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Iterating over collections - As simple as possible, but no simpler.

Weekend was amazing. 'Nuff said.
Now for something completely different.
Julie asks why not allow VB.Net developers have an easier and shorter syntax to use when iterating over collections:

For Each cust as Customer in Customers

Why stop there?

Why do I even have to (re-)define what the objects in Customers are?

Why can't I just write

for each whateverthehecktheobjectsareinmycollection in Customers

and have .net look at that and say “well d'uh, I know what whateverthehecktheobjectsareinmycollection is going to be because Customers is filled with Customer objects, so I will just implicitly cast the whateverthehecktheobjectsareinmycollection to a Customer.


Well, if you did that you would lose the ability to use polymorphism, or, it would be too hard for the compiler to do for you. For example, You have a collection of objects that all implement 2 interfaces: IAnimal and ICarnivore.
Say that your collection is of strongly types with "IAnimal" but what you really want to do is loop on all ICarnivors in the collection and operate on their methods.
How do you tell the compiler to do that?
A solution would be to say "OK, you can use the old syntax or the new syntax,. With the new syntax the object defaults to whatever the collection is of (IAnimal in this case). But that leads to less readable code (Remember what happens in VB6 when you declare something without specifying a type? It's a variant. And find me a good developer that says its OK to declare a variable as variant simply by omitting the type at declaration. None. It's simply less readable.)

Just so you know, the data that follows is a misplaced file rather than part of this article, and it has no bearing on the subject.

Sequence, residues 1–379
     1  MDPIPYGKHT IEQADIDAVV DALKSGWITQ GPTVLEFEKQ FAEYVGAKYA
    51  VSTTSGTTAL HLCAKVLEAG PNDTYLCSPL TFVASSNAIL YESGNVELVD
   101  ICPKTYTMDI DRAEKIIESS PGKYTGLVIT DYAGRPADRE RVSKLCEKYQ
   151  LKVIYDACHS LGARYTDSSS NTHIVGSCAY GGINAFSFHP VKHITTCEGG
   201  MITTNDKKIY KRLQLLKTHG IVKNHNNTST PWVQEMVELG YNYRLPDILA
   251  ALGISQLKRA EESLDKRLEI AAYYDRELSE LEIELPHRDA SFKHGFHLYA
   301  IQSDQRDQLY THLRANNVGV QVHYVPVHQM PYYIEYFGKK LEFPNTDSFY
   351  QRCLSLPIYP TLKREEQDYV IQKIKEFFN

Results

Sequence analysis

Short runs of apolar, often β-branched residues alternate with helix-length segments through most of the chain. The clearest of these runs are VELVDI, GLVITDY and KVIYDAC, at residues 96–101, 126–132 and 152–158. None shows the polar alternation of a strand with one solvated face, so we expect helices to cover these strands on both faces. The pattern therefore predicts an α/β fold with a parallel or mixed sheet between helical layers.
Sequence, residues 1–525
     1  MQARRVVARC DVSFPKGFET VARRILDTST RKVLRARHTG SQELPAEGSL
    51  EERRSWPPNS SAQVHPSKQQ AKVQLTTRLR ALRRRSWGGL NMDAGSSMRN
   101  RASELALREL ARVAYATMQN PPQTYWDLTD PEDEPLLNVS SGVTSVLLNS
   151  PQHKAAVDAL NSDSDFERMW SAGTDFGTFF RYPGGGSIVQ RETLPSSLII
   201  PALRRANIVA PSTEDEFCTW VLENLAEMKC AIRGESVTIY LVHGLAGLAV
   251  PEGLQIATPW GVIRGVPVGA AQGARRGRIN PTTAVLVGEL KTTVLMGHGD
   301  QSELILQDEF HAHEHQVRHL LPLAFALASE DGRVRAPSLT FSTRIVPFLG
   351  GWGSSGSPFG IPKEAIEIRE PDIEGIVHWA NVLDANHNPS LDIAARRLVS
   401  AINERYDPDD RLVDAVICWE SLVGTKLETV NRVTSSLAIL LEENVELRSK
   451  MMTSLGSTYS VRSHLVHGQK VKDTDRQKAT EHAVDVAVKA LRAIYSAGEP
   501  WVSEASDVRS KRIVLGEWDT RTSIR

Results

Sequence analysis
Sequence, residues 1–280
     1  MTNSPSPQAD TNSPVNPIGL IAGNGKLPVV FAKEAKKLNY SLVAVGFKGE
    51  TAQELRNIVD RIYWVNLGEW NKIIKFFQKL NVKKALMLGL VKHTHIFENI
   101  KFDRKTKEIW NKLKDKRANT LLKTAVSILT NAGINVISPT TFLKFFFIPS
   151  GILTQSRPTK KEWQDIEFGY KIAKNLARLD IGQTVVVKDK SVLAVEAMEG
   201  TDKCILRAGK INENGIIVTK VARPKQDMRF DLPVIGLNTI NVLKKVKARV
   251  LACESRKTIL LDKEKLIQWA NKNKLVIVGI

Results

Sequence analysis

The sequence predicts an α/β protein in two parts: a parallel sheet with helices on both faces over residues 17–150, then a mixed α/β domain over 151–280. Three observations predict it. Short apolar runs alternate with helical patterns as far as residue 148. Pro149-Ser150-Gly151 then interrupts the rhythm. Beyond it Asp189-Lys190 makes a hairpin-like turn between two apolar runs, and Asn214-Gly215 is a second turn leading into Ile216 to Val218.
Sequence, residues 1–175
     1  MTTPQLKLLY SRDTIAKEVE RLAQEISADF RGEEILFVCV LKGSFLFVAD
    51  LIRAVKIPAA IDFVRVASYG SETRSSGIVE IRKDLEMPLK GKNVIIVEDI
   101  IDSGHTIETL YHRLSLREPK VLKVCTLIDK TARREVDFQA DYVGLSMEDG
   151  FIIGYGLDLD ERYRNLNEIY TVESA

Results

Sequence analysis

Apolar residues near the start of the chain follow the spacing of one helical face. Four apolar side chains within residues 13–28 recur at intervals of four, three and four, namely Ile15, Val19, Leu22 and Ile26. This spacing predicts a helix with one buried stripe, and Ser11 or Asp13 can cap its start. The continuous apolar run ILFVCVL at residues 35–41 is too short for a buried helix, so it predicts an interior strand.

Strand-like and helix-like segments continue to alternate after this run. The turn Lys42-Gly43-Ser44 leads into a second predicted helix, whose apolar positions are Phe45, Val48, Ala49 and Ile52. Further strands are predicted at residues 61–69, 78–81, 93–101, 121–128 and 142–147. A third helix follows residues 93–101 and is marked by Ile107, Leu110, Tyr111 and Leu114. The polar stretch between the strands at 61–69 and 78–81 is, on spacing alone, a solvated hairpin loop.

The code in question is less readable because now the developer reading the code needs to look inside the loop to find out exactly what is the type of the iterator variable and how its going to be used.
So, you're back to square one. It's more readable (and developer friendly) to declare what type(or interface) you're iterating for. Better readability is simply a side effect. The real benefit is the ability to use polymorphism of many different types over the same collection.
The same claim can be said about the C# iteration syntax, where you also define the type of the iterator.

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Weekend off